I don’t believe he ever had any intention of making a film about one of the most glorious moments in Jewish history: the story of the Maccabees. I think he used my reputation as a protective umbrella. I had been awarded the Emanuel Foundation’s Lifetime Achievement Award for writings about the Holocaust in Hungary and I had written two films condemning anti-Semitism (Betrayed and Music Box). I had even done a fundraiser for the Anti-Defamation League in Los Angeles.
I put my heart and soul into my screenplay about the Maccabees for deeply personal reasons. My father, whom I loved, was accused by the Justice Department in the early ’90s of war-crime activities in Hungary in the ’30s and ’40s. I believed that writing a powerful film about the Maccabees would ease the burdens of my father’s sins.
My heart was broken when Mel Gibson cynically never even responded after I sent him my script.
I had learned by then, working closely with him, very personally, that his anti-Semitism was at his core, inherited from his father, a Holocaust denier. Mel loved his father, too, and stayed loyal to his father’s abhorrent beliefs. I turned my back on my father and his beliefs: my loyalty is to the 6 million dead.
Mel’s hatred of Jews, I discovered, is so deep that he views the story of the Maccabees, the inspiration for Hanukkah, as a “prefiguration” of Jesus Christ. I devoutly believe in Jesus Christ, but he has nothing to do with the Maccabees—a Jewish story, not a Christian one.
I hoped against hope as I wrote my script that its power and sense of triumph would overcome Mel’s hatred. But I realize now how foolish I was. I put the dunce cap on my own head.
As Mel said to me, he wanted to make a movie that would “convert the Jews to Christianity.” The script I wrote for him had nothing to do with Christianity. It had to do with the oppression and persecution of Jews, with echoes to the Nazis and to the present day.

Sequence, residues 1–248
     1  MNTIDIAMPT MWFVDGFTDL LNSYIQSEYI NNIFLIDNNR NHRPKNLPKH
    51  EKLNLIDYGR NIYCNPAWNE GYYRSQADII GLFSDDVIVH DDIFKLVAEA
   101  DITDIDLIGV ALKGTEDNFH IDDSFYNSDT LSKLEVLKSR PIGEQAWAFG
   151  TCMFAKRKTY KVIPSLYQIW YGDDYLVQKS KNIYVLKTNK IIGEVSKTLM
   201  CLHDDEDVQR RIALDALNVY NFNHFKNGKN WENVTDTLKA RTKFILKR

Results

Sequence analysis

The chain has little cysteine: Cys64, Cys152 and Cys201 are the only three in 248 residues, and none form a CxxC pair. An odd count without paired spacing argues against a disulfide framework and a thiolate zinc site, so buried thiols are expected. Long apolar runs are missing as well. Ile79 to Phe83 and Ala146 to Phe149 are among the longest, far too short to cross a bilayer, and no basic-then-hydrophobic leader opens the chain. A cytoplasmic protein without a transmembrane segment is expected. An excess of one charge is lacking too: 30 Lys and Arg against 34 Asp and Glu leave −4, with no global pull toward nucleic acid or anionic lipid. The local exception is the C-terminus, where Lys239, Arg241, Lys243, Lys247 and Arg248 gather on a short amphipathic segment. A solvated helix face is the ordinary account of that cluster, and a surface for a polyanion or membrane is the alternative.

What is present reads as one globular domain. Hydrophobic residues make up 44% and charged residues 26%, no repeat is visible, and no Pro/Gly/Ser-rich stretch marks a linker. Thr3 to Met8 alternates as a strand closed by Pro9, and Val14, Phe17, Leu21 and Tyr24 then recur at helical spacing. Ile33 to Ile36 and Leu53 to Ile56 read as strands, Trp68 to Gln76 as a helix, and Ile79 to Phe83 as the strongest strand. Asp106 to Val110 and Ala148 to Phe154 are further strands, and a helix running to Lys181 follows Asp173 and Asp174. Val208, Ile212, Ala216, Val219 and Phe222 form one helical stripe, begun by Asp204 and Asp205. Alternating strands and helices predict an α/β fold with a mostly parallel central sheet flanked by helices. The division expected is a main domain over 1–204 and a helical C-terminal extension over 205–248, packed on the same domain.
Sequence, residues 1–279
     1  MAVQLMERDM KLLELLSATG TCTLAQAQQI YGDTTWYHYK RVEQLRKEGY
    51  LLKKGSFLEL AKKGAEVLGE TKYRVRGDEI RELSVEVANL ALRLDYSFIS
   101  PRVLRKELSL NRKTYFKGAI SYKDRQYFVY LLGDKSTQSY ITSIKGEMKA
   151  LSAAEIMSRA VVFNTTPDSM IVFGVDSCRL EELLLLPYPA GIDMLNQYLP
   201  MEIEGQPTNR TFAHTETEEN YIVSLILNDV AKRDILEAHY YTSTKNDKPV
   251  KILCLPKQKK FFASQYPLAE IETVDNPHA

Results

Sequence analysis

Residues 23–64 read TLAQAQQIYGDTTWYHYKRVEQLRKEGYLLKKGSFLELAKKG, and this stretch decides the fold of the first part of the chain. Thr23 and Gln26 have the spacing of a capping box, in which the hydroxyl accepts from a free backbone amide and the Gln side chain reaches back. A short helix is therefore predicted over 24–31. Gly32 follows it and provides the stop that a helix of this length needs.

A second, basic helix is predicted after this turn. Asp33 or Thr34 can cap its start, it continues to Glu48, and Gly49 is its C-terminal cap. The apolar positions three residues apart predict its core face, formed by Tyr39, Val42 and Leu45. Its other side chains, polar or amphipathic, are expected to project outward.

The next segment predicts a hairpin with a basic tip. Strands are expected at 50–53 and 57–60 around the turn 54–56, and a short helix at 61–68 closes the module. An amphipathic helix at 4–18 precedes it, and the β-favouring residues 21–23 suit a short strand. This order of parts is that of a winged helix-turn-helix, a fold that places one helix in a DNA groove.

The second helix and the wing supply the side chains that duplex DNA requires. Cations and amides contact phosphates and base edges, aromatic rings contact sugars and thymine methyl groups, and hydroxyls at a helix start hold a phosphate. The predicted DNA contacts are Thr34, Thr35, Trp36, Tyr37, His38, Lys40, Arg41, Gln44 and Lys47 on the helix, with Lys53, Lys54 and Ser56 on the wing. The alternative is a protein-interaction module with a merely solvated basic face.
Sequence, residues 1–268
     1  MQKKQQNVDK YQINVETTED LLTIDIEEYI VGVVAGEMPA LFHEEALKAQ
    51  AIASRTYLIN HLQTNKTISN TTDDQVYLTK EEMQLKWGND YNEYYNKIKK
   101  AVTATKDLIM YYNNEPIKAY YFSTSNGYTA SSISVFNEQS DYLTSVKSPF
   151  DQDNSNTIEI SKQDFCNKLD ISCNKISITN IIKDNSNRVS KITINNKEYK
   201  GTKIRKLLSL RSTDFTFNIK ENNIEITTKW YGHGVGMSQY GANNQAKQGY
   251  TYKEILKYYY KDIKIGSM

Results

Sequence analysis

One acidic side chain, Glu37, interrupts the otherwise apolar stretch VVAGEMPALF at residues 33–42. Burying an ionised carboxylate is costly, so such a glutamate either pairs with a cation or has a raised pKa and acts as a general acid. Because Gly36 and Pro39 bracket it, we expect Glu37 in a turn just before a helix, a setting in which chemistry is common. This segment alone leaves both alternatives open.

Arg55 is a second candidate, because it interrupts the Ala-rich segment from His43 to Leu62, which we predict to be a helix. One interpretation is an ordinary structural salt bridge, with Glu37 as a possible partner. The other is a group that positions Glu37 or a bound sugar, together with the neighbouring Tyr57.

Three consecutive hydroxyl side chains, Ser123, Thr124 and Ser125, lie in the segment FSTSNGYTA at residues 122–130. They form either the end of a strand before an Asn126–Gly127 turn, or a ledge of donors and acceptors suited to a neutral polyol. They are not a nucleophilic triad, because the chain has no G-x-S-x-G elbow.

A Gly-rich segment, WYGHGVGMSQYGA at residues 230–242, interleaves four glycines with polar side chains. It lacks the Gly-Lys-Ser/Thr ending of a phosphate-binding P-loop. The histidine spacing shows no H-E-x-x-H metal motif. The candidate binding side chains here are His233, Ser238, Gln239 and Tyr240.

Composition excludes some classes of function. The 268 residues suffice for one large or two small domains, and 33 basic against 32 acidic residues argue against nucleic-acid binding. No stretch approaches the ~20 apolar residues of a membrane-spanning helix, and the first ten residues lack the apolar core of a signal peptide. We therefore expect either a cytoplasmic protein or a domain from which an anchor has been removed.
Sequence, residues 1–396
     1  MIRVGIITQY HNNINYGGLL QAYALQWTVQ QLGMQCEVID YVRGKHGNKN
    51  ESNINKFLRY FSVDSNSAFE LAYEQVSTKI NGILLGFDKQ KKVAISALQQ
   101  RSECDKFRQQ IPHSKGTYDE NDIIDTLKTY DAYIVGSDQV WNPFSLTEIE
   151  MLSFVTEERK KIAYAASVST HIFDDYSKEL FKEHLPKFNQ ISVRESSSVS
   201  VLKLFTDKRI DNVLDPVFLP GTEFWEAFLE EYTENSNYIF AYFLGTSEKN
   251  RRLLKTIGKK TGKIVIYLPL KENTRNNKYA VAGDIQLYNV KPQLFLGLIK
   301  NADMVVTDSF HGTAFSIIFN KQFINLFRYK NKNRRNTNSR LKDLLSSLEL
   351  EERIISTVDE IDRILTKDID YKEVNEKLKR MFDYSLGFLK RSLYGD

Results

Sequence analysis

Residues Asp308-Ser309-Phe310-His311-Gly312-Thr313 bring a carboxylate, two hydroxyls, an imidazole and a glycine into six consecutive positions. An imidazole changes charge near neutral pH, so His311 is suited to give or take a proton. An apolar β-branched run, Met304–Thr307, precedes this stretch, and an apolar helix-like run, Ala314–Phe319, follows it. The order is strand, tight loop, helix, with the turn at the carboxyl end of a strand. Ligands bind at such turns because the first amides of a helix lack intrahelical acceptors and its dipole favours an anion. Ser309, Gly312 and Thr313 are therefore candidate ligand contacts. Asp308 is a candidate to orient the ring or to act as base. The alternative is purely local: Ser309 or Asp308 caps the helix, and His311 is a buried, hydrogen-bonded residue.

In the course of our work together, I saw a side of Mel that frightened me. I saw a truly ugly, terrifying, and violent explosion at his house in Costa Rica that caused my wife to sob and my 15-year-old son, Nick, to take a butcher knife from the kitchen and sleep with it under his pillow.
While Mel and I worked, he often spoke about killing his ex-girlfriend, Oksana Grigorieva, and he told my teenage son a graphic, sexual snuff-film fantasy about stabbing her to death.
The sordid violence of his threats, combined with the physical violence of two explosions I witnessed, is the other reason I wrote my book.
I came to the conclusion that Mel Gibson needs immediate psychiatric treatment and medication, or someone will get hurt: probably Mel, but possibly Oksana, or an innocent Jewish person who wanders into his field of vision.
My book isn’t a hatchet job. I lean over backward to be fair to the man, but I saw sides of him that most people never see ... and everything I saw is in my book. It is a tell-all, but a tell-all on different levels. It is about fathers and sons, God and the Devil, sexual obsession, and guilt. I think that, finally, it’s about values and choices.
While I was working with Mel Gibson, I saw many crucifixes and guns around his house. That twisted juxtaposition—crucifixes and guns—troubles me.
Since my issues with him became public, I have received viciously anti-Semitic hate mail (I am not Jewish) and death threats from his supporters. I have asked our local police department to take extra measures to protect my family’s safety.